A Model-Invariant Theory of Singular Causation

Abstract

Most contemporary theories of singular causation (sometimes called 'token causation', or 'actual causation') make use of a framework of structural equations modelling, or causal modelling. The majority of these theories are doubly counterfactual---they say that causation is not counterfactual dependence simpliciter, but rather counterfactual dependence in some counterfactual model. Such theories are model-variant in the following sense: they will say that C caused E in some correct model, but then, when an inessential variable is removed from this model, they will change their mind and say that C did not cause E. I present and motivate a novel theory of causation, formulated within the framework of causal models, which lacks this defect. If this theory says that C caused E in one correct model, then it will continue to say that C caused E after any inessential variables have been removed; and, if this theory says that C didn't cause E, then it will continue to say that C didn't cause E after any inessential variables have been removed.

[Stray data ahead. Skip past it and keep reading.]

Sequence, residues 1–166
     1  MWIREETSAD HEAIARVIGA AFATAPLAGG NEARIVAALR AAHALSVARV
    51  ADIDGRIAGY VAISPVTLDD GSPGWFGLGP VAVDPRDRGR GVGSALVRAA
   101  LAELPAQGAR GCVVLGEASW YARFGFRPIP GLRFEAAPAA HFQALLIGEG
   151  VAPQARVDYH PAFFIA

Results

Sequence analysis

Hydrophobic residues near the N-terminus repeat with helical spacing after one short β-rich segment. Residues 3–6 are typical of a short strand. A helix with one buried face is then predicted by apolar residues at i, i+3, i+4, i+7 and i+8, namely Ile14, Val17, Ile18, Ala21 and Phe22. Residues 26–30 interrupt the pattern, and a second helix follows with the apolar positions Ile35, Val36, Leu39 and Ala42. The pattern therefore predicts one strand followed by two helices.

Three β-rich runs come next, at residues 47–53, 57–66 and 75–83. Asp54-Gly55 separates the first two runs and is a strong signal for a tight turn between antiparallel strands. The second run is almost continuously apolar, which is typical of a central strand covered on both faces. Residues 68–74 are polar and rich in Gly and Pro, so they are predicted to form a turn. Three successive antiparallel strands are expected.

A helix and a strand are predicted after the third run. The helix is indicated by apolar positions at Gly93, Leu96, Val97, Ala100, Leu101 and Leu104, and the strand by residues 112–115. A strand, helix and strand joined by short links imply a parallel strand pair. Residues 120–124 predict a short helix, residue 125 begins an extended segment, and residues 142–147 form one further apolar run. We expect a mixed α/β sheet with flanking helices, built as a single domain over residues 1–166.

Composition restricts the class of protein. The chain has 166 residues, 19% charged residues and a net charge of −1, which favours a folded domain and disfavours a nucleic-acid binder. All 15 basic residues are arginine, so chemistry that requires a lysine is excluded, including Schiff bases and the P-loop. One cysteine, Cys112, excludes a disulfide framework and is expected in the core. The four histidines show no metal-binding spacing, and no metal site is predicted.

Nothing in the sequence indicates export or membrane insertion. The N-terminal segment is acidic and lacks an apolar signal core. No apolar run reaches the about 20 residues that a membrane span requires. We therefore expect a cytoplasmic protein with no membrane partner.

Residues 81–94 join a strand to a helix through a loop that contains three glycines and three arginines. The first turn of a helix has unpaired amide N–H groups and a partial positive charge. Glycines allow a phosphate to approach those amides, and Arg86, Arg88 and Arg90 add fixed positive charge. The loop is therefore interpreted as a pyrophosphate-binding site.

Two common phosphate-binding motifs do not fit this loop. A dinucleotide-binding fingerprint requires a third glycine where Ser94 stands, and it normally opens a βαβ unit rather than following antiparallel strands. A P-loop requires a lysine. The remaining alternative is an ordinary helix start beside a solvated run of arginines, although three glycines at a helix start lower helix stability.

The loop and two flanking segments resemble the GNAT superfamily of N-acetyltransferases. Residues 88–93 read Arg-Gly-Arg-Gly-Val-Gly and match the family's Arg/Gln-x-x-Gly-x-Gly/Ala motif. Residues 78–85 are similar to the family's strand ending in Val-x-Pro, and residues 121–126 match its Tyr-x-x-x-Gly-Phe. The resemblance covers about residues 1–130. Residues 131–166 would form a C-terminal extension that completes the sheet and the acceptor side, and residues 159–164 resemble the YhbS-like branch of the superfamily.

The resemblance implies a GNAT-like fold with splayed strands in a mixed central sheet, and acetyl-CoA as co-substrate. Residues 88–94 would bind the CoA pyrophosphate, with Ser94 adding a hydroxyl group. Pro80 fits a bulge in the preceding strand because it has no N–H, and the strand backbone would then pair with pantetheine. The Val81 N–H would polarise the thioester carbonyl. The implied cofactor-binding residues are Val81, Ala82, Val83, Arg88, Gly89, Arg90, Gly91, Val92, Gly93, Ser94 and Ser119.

Cite
Causal & Explanatory Reasoning, Venice International University, November 13–17, 2017
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